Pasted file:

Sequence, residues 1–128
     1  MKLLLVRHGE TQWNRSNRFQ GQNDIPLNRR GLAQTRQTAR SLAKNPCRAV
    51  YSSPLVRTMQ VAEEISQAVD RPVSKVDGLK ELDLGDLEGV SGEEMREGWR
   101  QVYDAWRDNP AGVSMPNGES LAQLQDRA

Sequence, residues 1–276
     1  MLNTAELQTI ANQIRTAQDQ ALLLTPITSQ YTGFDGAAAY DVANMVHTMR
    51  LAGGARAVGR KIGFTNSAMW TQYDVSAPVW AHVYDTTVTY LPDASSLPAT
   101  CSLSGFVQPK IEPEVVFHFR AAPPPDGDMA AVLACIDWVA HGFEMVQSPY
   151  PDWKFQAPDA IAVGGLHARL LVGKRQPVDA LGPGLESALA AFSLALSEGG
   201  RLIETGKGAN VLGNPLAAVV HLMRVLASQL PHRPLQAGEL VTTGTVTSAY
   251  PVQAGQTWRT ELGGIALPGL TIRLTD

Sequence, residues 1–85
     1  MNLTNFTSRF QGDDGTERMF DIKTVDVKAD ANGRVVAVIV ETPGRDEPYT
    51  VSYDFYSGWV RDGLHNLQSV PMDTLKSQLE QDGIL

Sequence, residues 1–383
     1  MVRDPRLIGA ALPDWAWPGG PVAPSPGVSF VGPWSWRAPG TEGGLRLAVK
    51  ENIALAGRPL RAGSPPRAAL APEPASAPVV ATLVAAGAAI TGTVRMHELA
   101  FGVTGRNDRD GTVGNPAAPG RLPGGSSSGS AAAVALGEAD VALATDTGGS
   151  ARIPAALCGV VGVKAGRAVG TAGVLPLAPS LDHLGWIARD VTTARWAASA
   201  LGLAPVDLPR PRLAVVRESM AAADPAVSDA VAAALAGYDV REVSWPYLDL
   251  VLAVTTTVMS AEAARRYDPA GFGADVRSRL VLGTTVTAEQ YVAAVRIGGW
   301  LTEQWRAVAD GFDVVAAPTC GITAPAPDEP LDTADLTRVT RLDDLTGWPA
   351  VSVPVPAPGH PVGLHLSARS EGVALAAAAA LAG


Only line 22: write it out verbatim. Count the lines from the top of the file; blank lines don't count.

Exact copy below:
   301  LTEQWRAVAD GFDVVAAPTC GITAPAPDEP LDTADLTRVT RLDDLTGWPA